The Rural Way
Hard physical work is still a requisite for a sound outlook on an ever more crazy world. I ride a bike; but such exercise is not quite the same, given that the achievement of doing 35 miles is therapeutic for the body and mind, but does not lead to a sense of accomplishment in the material sense -- a 30-foot dead tree cut up, a shed rebuilt, a barn repainted. I never quite understood why all these joggers in Silicon Valley have immigrants from Latin America doing their landscaping. Would not seven hours a week spent raking and pruning be as healthy as jogging in spandex -- aside from the idea of autonomy that one receives by taking care of one’s own spread?
On the topic of keeping attuned with the physical world: if it does not rain (and the “rainy” season is about half over with nothing yet to show for it), the Bay Area and Los Angeles will see some strange things that even Apple, Google, and the new transgendered rest room law cannot fix. We have had two-year droughts, but never in my lifetime three years of no rain or much snow -- much less in a California now of 39 million people. I doubt we will hear much for a while about the past wisdom of emptying our reservoirs and letting the great rivers year-round flow to the Bay to restore mythical 19th-century salmon runs and to save the Delta three-inch bait fish. As long as it was a question of shutting down 250,000 irrigated acres in distant and dusty Mendota or Firebaugh, dumping fresh water in the sea was a good thing. When it now comes down to putting grey water or worse on the bougainvilleas in Menlo Park, or cutting back on that evening shower, I think even those of Silicon Valley will wonder, “What in the hell were we thinking?”
I do all the yard work on my three-acre home site and putter around the surrounding 40-acre vineyard. Mowing, chain-sawing, pruning, and hammering clear the head, and remind us that, even in the age of the knockout “game” and nightly TV ads for Trojan sex devices, we still live in a natural world. In the rural landscape, you are responsible for your own water. So you must know about what level resides the water table, and how deeply exactly your pump draws from, and the minutia of well depth, casing size, and type of pump. You know roughly how much sewage you’ve deposited in your cesspool and septic tank, and whether your propane tanks is half or a quarter full. There is no “they” who take care of such things, no department of this, or GS9 that to do it for you. Those who help you keep independent -- the well drillers, pump mechanics, cesspool pumpers, asphalt layers, and assorted independent contractors -- remind you that muscles and experience, not always degrees and techie know-how, are still important in extremis.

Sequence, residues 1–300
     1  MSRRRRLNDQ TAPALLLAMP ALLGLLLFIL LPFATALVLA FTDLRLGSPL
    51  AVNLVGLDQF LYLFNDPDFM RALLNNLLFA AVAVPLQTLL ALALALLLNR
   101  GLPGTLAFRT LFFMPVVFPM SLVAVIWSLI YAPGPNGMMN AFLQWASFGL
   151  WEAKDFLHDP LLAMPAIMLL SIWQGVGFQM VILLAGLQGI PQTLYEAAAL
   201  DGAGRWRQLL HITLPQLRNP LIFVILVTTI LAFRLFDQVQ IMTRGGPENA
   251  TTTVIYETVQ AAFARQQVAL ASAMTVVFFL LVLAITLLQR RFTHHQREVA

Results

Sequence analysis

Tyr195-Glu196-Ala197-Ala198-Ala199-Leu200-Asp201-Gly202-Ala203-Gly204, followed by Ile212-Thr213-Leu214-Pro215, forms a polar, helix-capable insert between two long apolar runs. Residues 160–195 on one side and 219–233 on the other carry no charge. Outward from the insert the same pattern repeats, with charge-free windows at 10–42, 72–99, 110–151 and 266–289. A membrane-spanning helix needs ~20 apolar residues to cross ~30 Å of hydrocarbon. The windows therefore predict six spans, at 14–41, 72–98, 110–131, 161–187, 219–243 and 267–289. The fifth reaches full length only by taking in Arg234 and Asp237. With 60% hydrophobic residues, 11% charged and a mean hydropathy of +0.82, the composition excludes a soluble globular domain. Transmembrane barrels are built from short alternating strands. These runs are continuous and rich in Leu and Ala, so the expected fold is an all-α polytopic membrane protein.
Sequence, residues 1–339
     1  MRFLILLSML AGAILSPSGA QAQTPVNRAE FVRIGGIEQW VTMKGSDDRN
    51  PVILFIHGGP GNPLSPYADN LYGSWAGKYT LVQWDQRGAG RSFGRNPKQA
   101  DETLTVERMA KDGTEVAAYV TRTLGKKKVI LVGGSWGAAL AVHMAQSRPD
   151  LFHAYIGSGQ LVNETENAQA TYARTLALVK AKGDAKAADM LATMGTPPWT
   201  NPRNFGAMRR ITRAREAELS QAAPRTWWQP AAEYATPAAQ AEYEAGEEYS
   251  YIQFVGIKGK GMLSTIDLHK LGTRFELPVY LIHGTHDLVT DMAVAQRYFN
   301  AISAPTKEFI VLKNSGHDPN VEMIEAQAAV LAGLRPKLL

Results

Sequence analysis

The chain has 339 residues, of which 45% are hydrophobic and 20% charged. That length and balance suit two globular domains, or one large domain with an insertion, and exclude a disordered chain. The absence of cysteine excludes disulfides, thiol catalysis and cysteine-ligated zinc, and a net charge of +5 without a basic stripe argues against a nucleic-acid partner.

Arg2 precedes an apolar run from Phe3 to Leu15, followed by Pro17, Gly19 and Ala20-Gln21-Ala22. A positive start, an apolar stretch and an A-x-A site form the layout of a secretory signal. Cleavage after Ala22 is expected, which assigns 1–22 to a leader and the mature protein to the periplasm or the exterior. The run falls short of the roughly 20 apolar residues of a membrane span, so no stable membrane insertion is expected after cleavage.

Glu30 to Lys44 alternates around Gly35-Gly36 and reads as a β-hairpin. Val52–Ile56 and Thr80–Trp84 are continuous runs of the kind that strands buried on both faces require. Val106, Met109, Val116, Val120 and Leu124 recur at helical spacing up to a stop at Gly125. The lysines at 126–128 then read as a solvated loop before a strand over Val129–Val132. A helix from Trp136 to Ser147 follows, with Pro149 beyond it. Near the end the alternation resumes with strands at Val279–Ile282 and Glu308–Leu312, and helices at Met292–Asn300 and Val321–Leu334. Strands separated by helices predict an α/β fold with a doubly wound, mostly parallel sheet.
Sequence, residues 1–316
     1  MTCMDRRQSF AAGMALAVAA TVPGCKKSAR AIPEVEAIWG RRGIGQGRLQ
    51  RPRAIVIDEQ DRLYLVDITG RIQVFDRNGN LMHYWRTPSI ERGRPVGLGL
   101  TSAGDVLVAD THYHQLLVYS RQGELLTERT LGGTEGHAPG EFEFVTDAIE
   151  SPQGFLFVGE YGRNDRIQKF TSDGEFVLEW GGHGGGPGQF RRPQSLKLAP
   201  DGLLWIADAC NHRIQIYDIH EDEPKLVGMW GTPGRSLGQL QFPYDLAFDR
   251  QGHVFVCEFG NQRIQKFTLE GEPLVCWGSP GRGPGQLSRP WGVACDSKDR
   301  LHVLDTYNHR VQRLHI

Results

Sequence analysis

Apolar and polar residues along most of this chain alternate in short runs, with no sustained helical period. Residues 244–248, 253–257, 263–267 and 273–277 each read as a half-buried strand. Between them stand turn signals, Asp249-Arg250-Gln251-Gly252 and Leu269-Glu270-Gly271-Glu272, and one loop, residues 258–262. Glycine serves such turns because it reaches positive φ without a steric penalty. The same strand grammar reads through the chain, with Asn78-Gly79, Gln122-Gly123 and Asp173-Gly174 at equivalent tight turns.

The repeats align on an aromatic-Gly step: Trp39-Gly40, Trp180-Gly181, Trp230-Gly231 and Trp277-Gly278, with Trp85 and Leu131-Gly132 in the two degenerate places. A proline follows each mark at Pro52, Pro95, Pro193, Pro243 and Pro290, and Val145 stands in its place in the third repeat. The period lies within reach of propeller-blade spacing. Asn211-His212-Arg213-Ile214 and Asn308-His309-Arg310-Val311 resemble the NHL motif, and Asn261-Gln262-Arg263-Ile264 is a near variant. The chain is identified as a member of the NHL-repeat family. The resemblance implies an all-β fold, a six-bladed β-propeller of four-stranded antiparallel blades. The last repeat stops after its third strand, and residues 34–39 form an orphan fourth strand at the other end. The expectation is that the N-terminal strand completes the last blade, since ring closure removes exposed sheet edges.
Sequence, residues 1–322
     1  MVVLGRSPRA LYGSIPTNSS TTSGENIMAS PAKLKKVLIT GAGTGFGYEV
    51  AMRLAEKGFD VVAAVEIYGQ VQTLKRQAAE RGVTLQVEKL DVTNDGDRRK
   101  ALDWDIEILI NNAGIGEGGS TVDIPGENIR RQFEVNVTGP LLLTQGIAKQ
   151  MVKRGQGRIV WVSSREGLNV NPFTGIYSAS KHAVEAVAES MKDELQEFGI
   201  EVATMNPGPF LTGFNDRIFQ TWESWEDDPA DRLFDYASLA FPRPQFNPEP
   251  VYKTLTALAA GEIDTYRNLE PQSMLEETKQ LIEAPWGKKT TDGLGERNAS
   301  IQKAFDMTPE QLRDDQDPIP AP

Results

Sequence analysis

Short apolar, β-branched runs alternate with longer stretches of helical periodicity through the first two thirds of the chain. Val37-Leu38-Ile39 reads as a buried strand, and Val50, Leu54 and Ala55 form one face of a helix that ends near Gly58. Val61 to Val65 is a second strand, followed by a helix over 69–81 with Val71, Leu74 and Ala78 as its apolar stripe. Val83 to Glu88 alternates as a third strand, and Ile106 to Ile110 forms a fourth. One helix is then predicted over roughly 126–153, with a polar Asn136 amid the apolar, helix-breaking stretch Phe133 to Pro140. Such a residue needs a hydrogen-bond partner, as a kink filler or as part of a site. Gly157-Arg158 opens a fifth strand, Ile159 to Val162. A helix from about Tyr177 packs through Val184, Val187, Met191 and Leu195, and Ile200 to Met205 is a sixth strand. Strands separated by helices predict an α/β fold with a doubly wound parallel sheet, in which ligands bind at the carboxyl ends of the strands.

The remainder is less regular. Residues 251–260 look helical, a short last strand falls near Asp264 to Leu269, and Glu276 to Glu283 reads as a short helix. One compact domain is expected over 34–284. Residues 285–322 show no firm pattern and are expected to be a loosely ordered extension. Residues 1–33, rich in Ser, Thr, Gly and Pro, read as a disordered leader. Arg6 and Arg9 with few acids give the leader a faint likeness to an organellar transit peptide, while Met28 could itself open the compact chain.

There are no neighbors across the backyard fence. At night there is no one out here, except the dogs that engage in howling wars with the coyotes. Nature abounds, both good and bad: squirrels that undermine the slab under your barn (I have shot them, gassed them, poisoned them for 40 years, and their burrows are larger than ever), and coyotes lingering out of range in the shadows by dusk. But also a red-tailed hawk in your redwood tree stands guard, and a great horned owl skimming across the vineyard that is strangely unafraid of humans. When I ride out in the Michigan countryside, I often stop and stare at octogenarians puttering around huge old clapboard farmhouses, determined in their final days to mow their lawns or paint their porches as if they were newlyweds -- “Do not go gentle into that good night, Old age should burn and rave at close of day; Rage, rage against the dying of the light.”
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